Research team finds a universal law for galactic systems

Posted: February 17, 2017 by oldbrew in Astronomy, Astrophysics, research
Tags: ,

The research team thinks its results are ‘difficult to understand in terms of dark matter’, reports The study was earlier reported here.

The distribution of normal matter precisely determines gravitational acceleration in all common types of galaxies, a team led by Case Western Reserve University researchers reports.

The team has shown this radial acceleration relation exists in nearby high-mass elliptical and low-mass spheroidal galaxies, building on last year’s discovery of this relation in spiral and irregular galaxies.

This provides further support that the relation is tantamount to a new natural law, the researchers say.

“This demonstrates that we truly have a universal law for galactic systems,” said Federico Lelli, formerly an astronomy postdoctoral fellow at Case Western Reserve University and currently a fellow at the European Southern Observatory.

“This is similar to the Kepler law for planetary systems, which does not care about the specific properties of the planet. Whether the planet is rocky like Earth or gaseous like Jupiter, the law applies,” said Lelli, who led this investigation.

In this case, the observed acceleration tightly correlates with the gravitational acceleration from the visible mass, no matter the type of galaxy. In other words, if astronomers measure the distribution of normal matter, they know the rotation curve, and vice versa. “But it is still unclear what this relation means and what is its fundamental origin,” Lelli said.

The study is published online in Astrophysical Journal today. Co-authors are Stacy McGaugh, chair of the Department of Astronomy at Case Western Reserve, James Schombert, astronomy professor at the University of Oregon, and Marcel Pawlowski, former astronomy postdoctoral researcher at Case Western Reserve and current Hubble fellow at the University of California, Irvine.

The researchers found that in 153 spiral and irregular galaxies, 25 ellipticals and lenticulars, and 62 dwarf spheroidals, the observed acceleration tightly correlates with the gravitational acceleration expected from visible mass.

Observed deviations from this correlation are not related to any specific galaxy property but completely random and consistent with measurement errors, the team found.

The tightness of this relation is difficult to understand in terms of dark matter as it’s currently understood, the researchers said.

It also challenges the current understanding of galaxy formation and evolution, in which many random processes such as galaxy mergers and interactions, inflows and outflows of gas, star formation and supernovas, occur at the same time.

“Regularity must somehow emerge from this chaos,” Lelli said.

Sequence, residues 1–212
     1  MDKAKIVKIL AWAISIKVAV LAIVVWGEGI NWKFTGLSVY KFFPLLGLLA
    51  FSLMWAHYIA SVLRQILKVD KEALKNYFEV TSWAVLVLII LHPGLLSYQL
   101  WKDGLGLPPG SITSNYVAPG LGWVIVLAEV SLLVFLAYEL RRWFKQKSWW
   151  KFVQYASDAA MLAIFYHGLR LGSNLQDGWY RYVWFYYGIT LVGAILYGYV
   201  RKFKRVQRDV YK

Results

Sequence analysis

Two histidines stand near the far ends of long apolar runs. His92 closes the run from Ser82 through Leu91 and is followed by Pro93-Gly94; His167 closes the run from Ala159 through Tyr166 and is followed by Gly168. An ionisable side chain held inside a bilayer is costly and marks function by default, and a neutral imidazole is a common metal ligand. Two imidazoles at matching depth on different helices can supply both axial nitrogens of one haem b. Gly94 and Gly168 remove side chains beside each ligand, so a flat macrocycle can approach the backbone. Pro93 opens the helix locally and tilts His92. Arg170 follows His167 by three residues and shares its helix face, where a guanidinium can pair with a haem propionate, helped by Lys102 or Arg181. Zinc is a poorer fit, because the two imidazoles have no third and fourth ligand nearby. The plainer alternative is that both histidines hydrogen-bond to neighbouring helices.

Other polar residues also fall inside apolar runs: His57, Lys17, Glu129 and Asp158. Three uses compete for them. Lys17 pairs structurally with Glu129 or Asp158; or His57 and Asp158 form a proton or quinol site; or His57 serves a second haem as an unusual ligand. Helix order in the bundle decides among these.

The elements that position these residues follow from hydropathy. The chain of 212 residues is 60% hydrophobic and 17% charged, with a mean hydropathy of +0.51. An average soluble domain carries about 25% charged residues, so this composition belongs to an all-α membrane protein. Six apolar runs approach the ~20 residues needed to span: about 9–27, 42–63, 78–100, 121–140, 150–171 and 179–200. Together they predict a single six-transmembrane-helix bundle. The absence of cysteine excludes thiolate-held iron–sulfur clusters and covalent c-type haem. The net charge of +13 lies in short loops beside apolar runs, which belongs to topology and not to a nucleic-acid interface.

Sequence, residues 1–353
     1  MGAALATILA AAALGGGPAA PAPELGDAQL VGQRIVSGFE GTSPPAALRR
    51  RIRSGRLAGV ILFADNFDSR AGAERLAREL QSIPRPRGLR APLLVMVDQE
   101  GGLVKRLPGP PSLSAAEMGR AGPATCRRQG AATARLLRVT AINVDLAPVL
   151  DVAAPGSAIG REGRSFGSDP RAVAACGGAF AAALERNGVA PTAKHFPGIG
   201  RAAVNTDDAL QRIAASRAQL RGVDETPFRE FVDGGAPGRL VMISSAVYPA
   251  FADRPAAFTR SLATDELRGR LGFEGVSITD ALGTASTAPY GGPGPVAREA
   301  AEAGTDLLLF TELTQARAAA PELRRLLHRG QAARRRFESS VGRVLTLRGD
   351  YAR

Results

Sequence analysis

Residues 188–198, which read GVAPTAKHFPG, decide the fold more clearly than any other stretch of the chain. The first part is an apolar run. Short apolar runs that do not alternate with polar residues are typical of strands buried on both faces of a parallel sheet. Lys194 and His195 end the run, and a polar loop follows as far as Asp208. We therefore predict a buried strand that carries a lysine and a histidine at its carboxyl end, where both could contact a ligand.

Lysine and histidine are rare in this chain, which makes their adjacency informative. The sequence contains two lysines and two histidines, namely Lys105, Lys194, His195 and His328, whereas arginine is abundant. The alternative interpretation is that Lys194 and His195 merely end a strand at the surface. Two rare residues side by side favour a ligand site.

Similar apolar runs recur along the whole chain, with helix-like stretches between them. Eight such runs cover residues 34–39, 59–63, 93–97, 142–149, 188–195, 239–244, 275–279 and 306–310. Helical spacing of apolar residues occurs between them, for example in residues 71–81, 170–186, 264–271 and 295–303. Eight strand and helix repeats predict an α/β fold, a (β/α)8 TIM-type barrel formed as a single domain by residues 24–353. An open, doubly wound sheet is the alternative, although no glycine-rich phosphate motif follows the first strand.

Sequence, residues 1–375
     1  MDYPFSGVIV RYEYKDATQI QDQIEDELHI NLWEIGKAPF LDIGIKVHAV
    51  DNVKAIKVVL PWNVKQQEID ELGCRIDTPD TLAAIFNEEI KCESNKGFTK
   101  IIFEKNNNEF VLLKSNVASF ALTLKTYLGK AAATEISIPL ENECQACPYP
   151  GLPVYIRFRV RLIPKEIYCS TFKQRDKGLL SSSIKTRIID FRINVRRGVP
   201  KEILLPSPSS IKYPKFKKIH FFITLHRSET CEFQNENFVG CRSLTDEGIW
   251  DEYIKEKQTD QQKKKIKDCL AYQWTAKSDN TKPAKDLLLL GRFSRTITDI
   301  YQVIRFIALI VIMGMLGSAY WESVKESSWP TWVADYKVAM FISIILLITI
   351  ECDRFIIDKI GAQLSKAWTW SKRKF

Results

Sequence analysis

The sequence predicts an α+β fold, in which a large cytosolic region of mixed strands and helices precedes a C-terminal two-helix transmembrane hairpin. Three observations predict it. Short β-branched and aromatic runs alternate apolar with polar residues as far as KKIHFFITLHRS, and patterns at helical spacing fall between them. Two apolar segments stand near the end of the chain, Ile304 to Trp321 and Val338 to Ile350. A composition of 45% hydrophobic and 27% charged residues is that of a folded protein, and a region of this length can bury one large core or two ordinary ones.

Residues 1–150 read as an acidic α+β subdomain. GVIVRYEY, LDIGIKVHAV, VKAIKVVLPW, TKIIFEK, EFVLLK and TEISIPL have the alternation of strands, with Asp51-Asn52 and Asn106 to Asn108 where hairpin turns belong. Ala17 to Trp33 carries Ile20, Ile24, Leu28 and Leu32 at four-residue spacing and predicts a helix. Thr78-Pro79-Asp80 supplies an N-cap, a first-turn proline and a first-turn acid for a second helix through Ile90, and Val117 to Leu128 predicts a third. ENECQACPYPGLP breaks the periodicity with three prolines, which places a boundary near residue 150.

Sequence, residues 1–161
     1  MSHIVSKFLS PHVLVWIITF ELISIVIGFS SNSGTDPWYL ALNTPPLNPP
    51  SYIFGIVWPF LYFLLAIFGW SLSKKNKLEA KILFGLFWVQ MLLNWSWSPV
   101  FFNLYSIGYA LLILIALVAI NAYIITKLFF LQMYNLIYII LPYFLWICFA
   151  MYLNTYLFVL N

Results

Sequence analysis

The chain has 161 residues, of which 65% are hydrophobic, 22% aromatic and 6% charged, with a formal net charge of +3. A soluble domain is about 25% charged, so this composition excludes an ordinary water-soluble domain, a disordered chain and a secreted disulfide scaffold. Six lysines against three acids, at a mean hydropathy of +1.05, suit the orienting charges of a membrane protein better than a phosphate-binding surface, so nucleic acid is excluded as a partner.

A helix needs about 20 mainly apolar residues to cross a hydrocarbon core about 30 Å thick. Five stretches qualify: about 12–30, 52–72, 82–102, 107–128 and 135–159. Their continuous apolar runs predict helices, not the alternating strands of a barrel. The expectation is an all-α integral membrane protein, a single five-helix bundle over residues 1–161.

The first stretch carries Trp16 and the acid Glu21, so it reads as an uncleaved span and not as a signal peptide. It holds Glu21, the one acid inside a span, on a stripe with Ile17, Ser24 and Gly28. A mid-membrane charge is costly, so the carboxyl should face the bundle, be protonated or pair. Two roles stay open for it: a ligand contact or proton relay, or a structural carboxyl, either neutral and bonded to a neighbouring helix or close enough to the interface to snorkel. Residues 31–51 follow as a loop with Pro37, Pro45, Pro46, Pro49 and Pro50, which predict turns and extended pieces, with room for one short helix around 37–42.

The report continues here.

  1. oldbrew says:

    Dark matter seems to be a theory in search of some facts.

  2. Paul Vaughan says:

    “[…] as it’s currently understood […] It also challenges the current understanding […]”

    It’s just like climate.

    “[…] as it’s currently misunderstood […] It also underscores current misrepresentation […]” [typos corrected]

  3. oldbrew says:

    “But it is still unclear what this relation means and what is its fundamental origin,” Lelli said.
    – – –
    More work for science to do. At least an observation (‘universal law’) has been made as a starting point.

  4. rishrac says:

    Do they rotate in the same direction ? If it’s universal then the dark matter would always cause a galaxy to spin in the same direction. And then there is the expansion problem. What fills the void as the universe expands? And as individual stars revolve around a core galactic center, some are moving faster than others. How is the expansion uniform in the presence of varying gravitational differences ? We know that there are ripples in the fabric of space when black holes merge, what’s to prevent it from tearing apart ?

  5. Jason Calley says:

    Dark matter has always seemed way too ad hoc to be good science.

    Do any of the regulars here have an opinion on this guy:
    He has a theory based on what I understand to be a sort of large scale version of the Casimir effect. It seems to explain all the dark matter stuff but does so from a much more fundamental, non-handwaving point of view. On the other hand, I may have simply missed some obvious problems. Any ideas or opinions?

  6. Sphene says:

    Just highly speculating here, if the observed galactic rotational curve really is the correct representation of gravity (with no dark matter), then should we be looking within planetary systems for a drag effect that is slowing orbits…?

  7. JB says:

    Tag: “baffled scientists” indeed. I hope that my grandkids when they arrive at my age now will have great belly-laughs over this, and other such absurdities, as “fabric” of space etc.

  8. JKrob says:

    oldbrew wrote –

    rishrac – re ‘Do they rotate in the same direction?’ – No.

    Well, isn’t kind of relative…depending on which ‘side’ of the galactic plane you are observing?

  9. oldbrew says:

    JK – not really, you would still see rotation in both directions.

  10. rishrac says:

    Old brew, I remember a discussion as to whether the universe had an up and down. If that unseen matter was uniform, then the galaxies would swirl in the same direction because there would have to be polarity. The push would always be from the same direction. … then it could be lumpy in places, like oatmeal . Caused by the expansion of the universe and the stretching of that space by the actually differential movement of strong gravitational centers. Something would have to decide which direction something would revolve or rotate sitting in that soup. Maybe something is bubbling through that so that one side of the object starts to move in that direction…

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